The company, which makes towed trailers, is opening four production lines in its two new factories in Goshen. Trailers are generally less expensive than motorhomes, and sales in the segment have revived faster.

Thor’s secret is speed. The company is willing to expand or contract rapidly, lengthening or trimming shifts daily. Two factors have made that possible: the relatively small size of its factories and the production incentive offered to its workers. By contrast, its failed rivals took on debt, and some built sprawling, expensive plants.

In Goshen, Keystone operates a network of 16 factories, most of them no larger than 75,000 square feet, which is somewhat smaller than 1½ football fields.

The process uses a basic platform bought from an outside supplier that is pushed on a dolly to groups of skilled craftsmen. At different stations, plumbers, electricians and carpenters install pipes, wiring and cabinets.

Many employees are Amish craftsmen who ride bikes to work or are transported from nearby farms by hired drivers.

The workers are paid slightly more than minimum wage, but they still covet the jobs and the productivity bonus. It’s not unusual for RV workers to earn as much as $60,000 a year, Fenech says.

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Elkhart’s RV Rebound May Indicate Recession’s Exit

September 8, 2009 by · 2 Comments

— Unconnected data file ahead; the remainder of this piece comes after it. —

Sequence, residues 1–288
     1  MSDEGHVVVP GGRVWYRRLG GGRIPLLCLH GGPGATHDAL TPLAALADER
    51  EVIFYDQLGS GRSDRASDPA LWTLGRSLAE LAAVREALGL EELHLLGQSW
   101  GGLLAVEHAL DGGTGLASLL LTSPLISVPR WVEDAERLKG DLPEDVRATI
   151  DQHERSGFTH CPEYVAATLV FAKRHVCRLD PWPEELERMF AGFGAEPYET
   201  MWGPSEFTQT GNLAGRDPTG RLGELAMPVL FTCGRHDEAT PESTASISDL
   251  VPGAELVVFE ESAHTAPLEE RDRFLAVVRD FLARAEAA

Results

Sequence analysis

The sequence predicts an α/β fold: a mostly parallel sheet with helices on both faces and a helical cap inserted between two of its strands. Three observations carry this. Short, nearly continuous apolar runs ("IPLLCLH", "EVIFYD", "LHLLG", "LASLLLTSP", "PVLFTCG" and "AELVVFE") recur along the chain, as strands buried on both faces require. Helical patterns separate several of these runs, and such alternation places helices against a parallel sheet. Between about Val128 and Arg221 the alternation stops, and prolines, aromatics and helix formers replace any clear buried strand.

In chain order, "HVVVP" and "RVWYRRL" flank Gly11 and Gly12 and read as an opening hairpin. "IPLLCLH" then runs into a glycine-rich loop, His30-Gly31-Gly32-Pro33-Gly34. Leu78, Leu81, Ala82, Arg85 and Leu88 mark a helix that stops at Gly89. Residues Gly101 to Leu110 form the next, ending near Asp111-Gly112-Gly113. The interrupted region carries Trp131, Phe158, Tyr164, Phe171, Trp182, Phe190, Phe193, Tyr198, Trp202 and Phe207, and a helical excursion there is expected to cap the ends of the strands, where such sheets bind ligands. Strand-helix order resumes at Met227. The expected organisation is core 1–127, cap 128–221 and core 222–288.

George Graber was unemployed for three months this year after the shutdown of an RV plant in Elkhart County, Ind. Now, he’s building $15,000 travel trailers at startup Heritage One RV Inc.

His job-hunting luck reflects a rebound in RV demand that may signal the end of the worst U.S. recession since World War II. In the last four domestic cycles, Winnebago Industries Inc. and other RV makers foreshadowed the economy’s decline and heralded its recovery, government and trade-group data show, according to

“The RV industry is always the first in and the first out, and there’s already been a noticeable beginning of it coming out of the current recession,” said Dave Hoefer, 66, an adviser to Earthbound Recreational Vehicles, which was founded this year on the site of another bankrupt maker in Middlebury, Ind.

Elkhart County builds more than half the RVs sold in the U.S., making it the center of a $14 billion domestic market. Evidence of a turnaround is showing up in new companies like Heritage One sprouting from the remains of failed manufacturers, and in no-vacancy signs at a motel favored by RV-hauling truckers.

Analysts watch RV sales because motorhomes and travel trailers are discretionary purchases that consumers defer in an economic slump. Industrywide deliveries may rise in 2010 to end a three-year decline, said Richard Curtin, director of consumer surveys at the University of Michigan.